Story by Maria Moreno
Western University of Health Sciences has been awarded a $330,000 Robert Wood Johnson Foundation grant to host the Summer Health Professions Education Program (SHPEP) for the fifth year in a row.
The WesternU SHPEP team, comprised of 43 WesternU faculty from six colleges, 20 WesternU students and six SHPEP program alumni, is ready to continue to empower future generations of health professionals. With the support of the Center for Academic Community Engagement department, the team will be developing and delivering an intensive case-based curriculum for undergraduates from across the nation.
Leading into the fifth year, WesternU SHPEP will continue to provide opportunities for rising college sophomores and juniors to join the following health professions tracks: medicine, dental medicine, optometry and physical therapy. The program is administered by a National Program Office with oversight and staffing from the Association of American Medical Colleges (AAMC) and American Dental Education Association (ADEA).
Due to COVID-19 and necessary precautionary measures, all SHPEP sites will run 100% virtually in summer 2021. The team will take all the knowledge and feedback learned from 2020 to provide an unforgettable experience to our future SHPEP scholars. Applications opened Nov. 1, 2020 and will close Feb. 5, 2021.
Learning Curve: SHPEP’s 2020 Virtual Experience
In summer 2020, WesternU was one of 12 institutions nationwide that hosted SHPEP as a virtual experience. SHPEP is a stipend-supported enrichment program focused on improving access and resources to financially disadvantaged families and groups underrepresented in the health professions. Due to the COVID-19 pandemic, the program switched to an online teaching format lasting four weeks instead of the traditional six weeks on campus, running June 20 to July 18. WesternU decided that the program was crucial to ensure that the next generation of future health professionals did not miss an opportunity to further advance their interest in health careers. In 2020, WesternU SHPEP welcomed 80 scholars supported by the Robert Wood Johnson Foundation and three scholars supported by WesternU.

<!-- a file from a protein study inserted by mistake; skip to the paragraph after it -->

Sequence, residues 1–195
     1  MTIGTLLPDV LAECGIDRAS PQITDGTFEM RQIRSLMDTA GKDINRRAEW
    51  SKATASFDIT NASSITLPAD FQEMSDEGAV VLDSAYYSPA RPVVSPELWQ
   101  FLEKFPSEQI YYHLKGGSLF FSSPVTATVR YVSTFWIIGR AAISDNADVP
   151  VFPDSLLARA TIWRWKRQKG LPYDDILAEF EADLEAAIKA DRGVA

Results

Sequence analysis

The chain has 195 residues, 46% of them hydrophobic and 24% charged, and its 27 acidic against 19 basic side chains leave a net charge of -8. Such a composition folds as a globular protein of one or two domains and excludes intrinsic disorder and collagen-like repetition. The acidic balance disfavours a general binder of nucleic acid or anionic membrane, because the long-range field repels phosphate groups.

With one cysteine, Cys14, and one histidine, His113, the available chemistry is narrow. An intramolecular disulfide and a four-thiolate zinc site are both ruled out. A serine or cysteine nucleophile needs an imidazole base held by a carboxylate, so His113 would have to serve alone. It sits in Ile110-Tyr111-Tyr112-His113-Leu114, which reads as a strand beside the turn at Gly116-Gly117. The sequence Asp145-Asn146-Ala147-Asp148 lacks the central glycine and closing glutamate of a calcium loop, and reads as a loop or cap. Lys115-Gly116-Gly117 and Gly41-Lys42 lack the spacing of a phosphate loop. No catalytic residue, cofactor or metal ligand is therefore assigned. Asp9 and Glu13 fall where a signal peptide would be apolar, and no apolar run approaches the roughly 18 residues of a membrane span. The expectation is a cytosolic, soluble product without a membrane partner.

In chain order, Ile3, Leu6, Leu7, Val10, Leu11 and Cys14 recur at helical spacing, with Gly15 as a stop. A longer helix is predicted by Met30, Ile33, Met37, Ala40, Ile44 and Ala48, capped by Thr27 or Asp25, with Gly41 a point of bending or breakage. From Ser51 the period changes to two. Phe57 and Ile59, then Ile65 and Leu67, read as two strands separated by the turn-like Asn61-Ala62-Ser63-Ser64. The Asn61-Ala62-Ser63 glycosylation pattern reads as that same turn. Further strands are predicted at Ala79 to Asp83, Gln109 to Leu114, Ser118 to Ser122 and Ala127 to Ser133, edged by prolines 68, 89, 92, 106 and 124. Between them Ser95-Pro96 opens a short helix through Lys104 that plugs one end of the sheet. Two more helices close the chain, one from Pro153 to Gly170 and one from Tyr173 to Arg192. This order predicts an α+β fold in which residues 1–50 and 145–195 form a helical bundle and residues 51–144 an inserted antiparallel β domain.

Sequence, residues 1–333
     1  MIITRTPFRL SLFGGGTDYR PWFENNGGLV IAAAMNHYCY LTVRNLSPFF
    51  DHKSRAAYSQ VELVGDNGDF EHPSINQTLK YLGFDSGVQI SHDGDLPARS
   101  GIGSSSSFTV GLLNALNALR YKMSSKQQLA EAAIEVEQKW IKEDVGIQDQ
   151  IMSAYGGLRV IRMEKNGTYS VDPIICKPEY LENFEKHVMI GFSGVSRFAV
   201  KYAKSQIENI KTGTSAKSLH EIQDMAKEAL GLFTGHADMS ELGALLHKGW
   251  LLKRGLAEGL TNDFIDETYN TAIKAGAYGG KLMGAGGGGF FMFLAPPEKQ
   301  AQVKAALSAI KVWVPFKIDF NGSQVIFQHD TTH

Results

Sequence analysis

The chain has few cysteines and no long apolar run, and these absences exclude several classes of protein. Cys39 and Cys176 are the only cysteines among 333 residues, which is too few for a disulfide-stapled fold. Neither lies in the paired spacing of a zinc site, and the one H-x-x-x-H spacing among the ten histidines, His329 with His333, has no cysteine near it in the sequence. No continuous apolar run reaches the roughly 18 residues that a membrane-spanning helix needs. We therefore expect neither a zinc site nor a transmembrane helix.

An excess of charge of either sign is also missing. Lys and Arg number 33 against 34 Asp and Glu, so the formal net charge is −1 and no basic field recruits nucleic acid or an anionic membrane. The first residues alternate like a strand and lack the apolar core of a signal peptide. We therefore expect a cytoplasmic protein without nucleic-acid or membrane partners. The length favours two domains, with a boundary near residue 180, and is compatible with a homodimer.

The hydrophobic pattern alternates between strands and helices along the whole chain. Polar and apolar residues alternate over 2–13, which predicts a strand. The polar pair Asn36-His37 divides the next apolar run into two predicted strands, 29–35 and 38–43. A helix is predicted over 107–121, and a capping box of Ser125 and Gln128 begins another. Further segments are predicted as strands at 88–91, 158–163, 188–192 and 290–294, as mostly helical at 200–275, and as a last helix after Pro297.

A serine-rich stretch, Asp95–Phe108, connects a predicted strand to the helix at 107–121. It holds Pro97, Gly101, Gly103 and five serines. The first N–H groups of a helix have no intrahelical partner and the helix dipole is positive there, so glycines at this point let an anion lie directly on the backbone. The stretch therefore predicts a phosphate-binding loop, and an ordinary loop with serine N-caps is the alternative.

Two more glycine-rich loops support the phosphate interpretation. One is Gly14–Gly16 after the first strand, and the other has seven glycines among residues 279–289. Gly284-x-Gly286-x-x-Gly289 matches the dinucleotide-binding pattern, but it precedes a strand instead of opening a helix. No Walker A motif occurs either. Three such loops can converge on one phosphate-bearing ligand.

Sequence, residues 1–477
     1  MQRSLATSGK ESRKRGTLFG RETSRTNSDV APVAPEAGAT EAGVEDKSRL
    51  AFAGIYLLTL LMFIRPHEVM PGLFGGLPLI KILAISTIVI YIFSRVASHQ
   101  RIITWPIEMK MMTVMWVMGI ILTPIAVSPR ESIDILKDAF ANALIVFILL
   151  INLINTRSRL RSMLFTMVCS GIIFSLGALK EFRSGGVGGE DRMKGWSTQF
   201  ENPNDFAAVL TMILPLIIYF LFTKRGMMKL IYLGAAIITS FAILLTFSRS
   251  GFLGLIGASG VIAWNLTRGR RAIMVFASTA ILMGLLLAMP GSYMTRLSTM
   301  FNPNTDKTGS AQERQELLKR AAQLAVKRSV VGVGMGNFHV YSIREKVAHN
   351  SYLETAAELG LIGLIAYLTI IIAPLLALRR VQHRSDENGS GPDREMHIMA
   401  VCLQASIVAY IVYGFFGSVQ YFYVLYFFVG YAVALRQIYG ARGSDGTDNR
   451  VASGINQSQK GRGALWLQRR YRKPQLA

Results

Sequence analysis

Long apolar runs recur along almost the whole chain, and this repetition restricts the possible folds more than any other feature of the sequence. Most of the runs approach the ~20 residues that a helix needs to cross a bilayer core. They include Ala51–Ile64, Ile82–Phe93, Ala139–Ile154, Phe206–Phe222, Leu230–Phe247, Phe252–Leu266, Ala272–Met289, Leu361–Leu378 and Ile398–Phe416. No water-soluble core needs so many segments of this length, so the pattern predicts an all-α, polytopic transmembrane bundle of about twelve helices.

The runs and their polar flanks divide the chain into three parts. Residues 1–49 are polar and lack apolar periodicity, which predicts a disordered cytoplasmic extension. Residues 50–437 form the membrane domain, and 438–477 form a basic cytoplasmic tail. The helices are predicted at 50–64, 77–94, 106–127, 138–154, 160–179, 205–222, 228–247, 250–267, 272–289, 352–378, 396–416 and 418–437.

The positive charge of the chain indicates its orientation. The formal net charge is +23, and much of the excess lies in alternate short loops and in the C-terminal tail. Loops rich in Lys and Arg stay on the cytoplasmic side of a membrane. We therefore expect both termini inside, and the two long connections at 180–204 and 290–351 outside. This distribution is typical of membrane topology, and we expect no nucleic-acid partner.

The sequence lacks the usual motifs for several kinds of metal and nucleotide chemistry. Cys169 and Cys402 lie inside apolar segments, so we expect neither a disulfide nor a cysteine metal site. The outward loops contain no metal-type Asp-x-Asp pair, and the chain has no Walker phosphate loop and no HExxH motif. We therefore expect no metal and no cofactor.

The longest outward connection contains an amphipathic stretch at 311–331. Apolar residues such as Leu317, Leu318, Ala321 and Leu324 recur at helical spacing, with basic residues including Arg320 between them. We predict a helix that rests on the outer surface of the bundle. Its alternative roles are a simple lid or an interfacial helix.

WesternU continues to be proud of being part of the continued efforts to increase diversity in the future health workforce, yet the team is most grateful for the opportunity to learn and build relationships with these amazing students through their own personal stories, said Manager for Pipeline Programs Maria Moreno.
“We continue to be inspired by their determination to pave a successful path for themselves and for allowing WesternU to be part of their journey,” Moreno said. “The SHPEP program is a rejuvenating experience that reignites the desire of the all the participating WesternU team to be the positive change in the community. We thank all our SHPEPers for reminding us why we are passionate about community health and success.”
“I love working with the program because of its mission, but I also have very selfish reasons for being there. Medicine is absolutely my calling, but you can get burned out pretty quickly in medical school,” said College of Osteopathic Medicine of the Pacific (COMP) Class of 2022 student Caleb Cato, MS. “Getting to be around a group of students who have so much passion to learn more about medicine and still get excited every afternoon to experience more helps motivate me through another year.”